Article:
The first image of a black hole, selected by Science as the Breakthrough of the Year, was both an amazing achievement and, for us, a daunting challenge.
For decades, black holes—collapsed stars with gravity so intense that not even light can escape—have been a subject of endless speculation. This image, produced by combining data from eight observatories scattered around our planet, became an immediate icon.
And that was the problem.
This bright ring, formed by light bending in the intense gravity generated by a stellar object 6.5 billion times more massive than our own Sun, had already been published thousands of times and viewed by millions, if not billions, of people.
What we needed to do was to come up with a concept that would freshly interpret one of the year’s most widely seen images. It had to be visually engaging enough to be cover-worthy, but also solidly rooted in science and current knowledge of black holes.
We spoke with Science’s editors and researchers about possible approaches. From those discussions, a question formed that shaped the visual concept: How would this unimaginably massive object appear to the naked eye from a nearby planet or moon?
The actual image created by the Event Horizon Telescope (EHT) could only hint at the answer. The EHT collaboration had observed galaxy Messier 87 (M87) with a global array of telescopes, collecting more data than any experiment in history. But their image of the giant black hole at the center of that galaxy was not seen as visible light but as radio waves emitted by the hot gas swirling around the black hole and invisible to the human eye. We had to make careful and accurate speculation about how such a thing would look to us.
Our initial design was ambitious—a spectacular view of the black hole (M87*) rising over dramatic atmospheric clouds. By placing the viewer in a world not unlike our own, this approach offered a way to present a profoundly alien object in the context of a familiar environment.
This first effort was influenced by the black hole depiction in Christopher Nolan’s 2014 movie, Interstellar. Although some artistic license was taken in its portrayal of a black hole, theoretical physicist, Nobel laureate, and black hole specialist Kip Thorne was consulted to make it as realistic as possible.
From conversations and information gleaned from a wide variety of articles, we developed an initial cover sketch.
At the same time, we searched for an illustrator to create the final artwork. That led to U.K.–based artist Mark Garlick, who had extensive experience in creating space scenes. One of his illustrations, below, was very much along the lines of the initial cover concept.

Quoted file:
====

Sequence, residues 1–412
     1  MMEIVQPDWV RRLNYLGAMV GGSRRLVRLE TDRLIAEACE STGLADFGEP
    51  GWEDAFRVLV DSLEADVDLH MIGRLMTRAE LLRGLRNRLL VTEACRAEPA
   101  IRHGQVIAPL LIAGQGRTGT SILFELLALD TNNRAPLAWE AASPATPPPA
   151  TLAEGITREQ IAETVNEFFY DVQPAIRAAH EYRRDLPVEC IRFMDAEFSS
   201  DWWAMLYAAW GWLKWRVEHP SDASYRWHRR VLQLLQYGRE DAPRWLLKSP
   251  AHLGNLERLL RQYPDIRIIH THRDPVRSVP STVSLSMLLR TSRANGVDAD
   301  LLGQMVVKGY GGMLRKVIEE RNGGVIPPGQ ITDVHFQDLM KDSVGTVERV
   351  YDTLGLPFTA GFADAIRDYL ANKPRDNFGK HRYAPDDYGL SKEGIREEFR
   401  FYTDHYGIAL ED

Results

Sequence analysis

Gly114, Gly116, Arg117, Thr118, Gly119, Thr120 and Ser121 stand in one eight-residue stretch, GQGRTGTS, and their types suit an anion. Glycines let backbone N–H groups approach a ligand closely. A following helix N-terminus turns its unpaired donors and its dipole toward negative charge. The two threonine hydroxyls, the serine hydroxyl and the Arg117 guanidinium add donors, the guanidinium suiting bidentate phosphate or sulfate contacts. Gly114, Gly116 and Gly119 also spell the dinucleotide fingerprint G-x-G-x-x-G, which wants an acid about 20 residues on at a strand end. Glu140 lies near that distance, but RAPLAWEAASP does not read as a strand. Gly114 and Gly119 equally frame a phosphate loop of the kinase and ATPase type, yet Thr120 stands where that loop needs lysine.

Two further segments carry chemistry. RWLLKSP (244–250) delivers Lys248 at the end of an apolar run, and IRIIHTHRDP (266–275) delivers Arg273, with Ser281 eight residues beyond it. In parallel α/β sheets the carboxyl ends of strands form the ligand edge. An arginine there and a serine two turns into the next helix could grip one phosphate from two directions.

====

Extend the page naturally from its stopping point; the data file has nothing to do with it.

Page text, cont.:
Before moving further, we needed to check with an expert to validate our approach. Our initial research and brainstorming made us confident we were on a safe solid path to illustrate this view of a black hole. We anticipated a few minor adjustments, but no problem so major that we might have to rethink the entire illustration.
Of course, we were wrong.
We contacted University of Arizona’s Dimitrios Psaltis, project scientist at the EHT, who kindly agreed to help us check the science of our concept. We shared Mark’s illustration as a starting point.
The first thing Dimitrios pointed out was that most physicists in the field disliked or frowned upon the black hole depiction in Interstellar. “I complained multiple times to the Interstellar creators about spreading misleading information and offering it as ‘realistic’”, he said. Dimitrios explained that the accretion disk around M87* is very tenuous when it comes to visible light, and very thick. It would look nothing like the luminous disk crafted for the movie. He concluded that the accretion disk would be underwhelming to an observer.
The final blow to our initial concept was that the planet probably needed to be an airless rock. Although Dimitrios agreed that our hypothetical planet or moon could exist relatively near M87*, it was unlikely to have an atmosphere, as that would be blown away by the constant bombardment of high velocity particles coming from the black hole.
Without an impressive accretion disk or an atmosphere to support dramatic clouds, our initial concept was in peril. But then Dimitrios threw us a lifeline, noting that supermassive black holes like M87* have a spectacular feature—jets of matter heated to millions of degrees that flare from both poles. These jets are gigantic, larger, in fact, that the galaxy hosting the black hole.
A new approach began to form. From the lifeless surface of our imaginary planet one of these jets would dominate—a great sky river of plasma and radiation.
This new concept also suggested a possible animation. We imagined that we could show M87* rising in the horizon as the planet rotated, with the jet glimmering across the sky.
Once more we were wrong.
Dimitrios calculated how our imaginary planet might actually rotate. His figures suggested that the enormous gravity of M87* would bring the rotation nearly to a stop. A “day” on this planet would last for 2256 Earth days. With this glacial pace, our romantic notion of the black hole jet rising was impossible to sustain, crashing our rising black hole idea. The same way, the math showed that the jet would move extremely slowly, too much to be noticed by our hypothetical point of view.
Yet in the end, we were excited. The final illustration was not at all what we had imagined at the start of our journey, but solid scientific support helped us shed our misconceptions and develop a fresh view for Science’s readers of this amazing advance in our understanding of the universe.
Alberto Cuadra is the Managing Graphics Editor at Science.